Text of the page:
You recently kick-started a community for creatives, what inspired this move?
The creative cheerleader was borne out of a desire to spread joy, being a young adult can sometimes be very draining and gut-wrenching. Last year I moved back to Lagos and I felt so tiny and disoriented and alone, I was self-harming and was so sad all the time. Early this year I decided that I hated who I was and all the work I was creating and decided to take control of my life – if I had safe spaces where I could go to or someone telling me it was ok, it would have made that transition easier.
What advice do you have for women and girls venturing into the creative sector?
Be your Self- whoever that is and if you have no idea who that person is- take time out and sit with yourself and get to know you better. Because self-awareness is going to ensure you create from a most authentic place. Authenticity and vulnerability will save your life.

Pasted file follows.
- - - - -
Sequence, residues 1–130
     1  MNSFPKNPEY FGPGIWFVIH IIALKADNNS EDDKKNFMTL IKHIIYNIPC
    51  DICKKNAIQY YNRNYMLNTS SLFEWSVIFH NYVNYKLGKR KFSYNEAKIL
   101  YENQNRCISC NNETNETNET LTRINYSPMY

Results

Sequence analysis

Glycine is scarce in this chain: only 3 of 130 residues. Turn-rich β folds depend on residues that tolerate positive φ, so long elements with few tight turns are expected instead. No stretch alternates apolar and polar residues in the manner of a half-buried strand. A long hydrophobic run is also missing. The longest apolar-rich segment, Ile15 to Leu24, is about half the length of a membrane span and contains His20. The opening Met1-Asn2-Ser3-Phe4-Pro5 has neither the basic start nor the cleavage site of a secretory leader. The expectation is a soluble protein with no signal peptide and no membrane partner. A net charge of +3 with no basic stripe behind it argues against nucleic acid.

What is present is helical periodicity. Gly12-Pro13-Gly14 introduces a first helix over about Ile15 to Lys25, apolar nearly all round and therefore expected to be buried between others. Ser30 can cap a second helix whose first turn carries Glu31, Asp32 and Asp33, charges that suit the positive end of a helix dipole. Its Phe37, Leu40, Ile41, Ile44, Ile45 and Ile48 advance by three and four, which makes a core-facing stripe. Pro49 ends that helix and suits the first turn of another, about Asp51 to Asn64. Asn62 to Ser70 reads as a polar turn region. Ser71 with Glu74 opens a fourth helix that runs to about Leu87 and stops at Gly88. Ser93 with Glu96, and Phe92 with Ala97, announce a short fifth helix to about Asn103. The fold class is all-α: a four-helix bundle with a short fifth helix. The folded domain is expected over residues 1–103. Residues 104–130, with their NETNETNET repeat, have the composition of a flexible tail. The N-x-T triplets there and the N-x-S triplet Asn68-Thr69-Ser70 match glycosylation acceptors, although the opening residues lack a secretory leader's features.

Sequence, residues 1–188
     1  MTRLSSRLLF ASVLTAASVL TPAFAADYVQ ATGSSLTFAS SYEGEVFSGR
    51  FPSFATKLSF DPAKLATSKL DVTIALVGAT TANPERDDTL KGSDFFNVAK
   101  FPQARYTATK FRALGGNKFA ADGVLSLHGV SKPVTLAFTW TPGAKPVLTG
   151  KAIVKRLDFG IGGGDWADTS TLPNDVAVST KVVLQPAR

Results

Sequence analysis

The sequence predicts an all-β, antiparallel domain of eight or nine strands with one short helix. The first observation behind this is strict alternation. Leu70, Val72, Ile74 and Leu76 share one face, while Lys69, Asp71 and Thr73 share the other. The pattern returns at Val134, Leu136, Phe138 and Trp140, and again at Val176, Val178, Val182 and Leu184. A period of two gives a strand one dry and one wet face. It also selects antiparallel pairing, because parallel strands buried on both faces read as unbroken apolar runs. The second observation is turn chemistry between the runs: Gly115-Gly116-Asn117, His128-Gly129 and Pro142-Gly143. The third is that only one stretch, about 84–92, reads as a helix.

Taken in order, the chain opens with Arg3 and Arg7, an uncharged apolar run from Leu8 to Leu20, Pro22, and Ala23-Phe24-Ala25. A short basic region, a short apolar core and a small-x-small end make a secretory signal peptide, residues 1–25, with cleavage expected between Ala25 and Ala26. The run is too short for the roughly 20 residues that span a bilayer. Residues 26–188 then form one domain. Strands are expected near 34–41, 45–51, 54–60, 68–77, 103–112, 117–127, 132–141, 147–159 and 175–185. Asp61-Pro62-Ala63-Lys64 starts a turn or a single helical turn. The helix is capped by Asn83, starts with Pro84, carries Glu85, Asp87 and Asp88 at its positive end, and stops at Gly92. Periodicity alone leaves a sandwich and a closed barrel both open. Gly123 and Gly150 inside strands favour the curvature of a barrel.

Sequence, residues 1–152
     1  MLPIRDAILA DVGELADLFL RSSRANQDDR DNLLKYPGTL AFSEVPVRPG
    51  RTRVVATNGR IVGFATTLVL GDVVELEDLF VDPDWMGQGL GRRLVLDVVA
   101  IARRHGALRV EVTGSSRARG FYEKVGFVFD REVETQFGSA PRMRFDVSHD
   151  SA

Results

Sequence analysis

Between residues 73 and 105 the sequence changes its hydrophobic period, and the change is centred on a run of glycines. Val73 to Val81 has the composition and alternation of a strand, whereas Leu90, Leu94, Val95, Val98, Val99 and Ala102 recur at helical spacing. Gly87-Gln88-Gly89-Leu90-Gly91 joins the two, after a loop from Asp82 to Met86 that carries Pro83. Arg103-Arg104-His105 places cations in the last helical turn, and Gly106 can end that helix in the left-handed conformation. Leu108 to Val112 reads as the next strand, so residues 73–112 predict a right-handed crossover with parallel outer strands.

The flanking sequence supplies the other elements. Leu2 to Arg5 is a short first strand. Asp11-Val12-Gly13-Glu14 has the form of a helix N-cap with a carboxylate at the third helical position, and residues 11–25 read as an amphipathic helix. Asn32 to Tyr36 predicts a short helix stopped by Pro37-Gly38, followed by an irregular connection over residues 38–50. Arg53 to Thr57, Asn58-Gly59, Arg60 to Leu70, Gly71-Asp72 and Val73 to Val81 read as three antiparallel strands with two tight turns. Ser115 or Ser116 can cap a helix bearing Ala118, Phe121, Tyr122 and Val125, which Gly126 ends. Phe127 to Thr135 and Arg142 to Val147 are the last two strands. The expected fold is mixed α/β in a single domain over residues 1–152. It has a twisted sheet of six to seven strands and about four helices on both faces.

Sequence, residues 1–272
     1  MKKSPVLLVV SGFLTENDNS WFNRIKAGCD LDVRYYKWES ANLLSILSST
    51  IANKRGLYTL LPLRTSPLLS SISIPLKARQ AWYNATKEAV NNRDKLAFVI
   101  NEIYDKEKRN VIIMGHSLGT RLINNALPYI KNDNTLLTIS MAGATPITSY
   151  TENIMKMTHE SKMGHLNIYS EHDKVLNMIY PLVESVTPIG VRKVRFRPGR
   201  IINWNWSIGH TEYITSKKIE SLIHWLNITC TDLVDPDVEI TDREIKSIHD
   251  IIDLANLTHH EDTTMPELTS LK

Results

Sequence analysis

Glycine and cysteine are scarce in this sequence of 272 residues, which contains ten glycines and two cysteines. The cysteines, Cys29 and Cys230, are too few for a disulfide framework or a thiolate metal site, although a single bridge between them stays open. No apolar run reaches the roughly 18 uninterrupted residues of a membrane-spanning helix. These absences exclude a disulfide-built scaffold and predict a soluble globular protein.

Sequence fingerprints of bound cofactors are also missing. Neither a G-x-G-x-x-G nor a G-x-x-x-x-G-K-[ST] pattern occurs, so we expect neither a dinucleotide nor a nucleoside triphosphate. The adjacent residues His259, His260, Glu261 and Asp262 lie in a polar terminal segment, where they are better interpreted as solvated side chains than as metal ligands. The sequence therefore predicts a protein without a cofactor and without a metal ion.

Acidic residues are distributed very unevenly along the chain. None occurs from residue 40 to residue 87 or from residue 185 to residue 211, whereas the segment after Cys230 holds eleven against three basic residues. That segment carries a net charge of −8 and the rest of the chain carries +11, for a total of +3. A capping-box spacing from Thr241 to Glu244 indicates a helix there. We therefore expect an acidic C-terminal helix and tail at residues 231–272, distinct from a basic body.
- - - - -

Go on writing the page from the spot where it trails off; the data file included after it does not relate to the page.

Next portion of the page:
How can brands that need your services get in touch with you?
I can be reached on Instagram @kamnelechukwu or Via email firstname.lastname@example.org or my website kamnelechukwuobasi.com.
Lydia Ume is an M.A student in Literature. She identifies as a Feminist and dreams of a world where gender equality and diversity are embraced. When she’s not curled up with a book she blogs at http://badlybehavedlady.wordpress.com and tweets at Lily_notflower.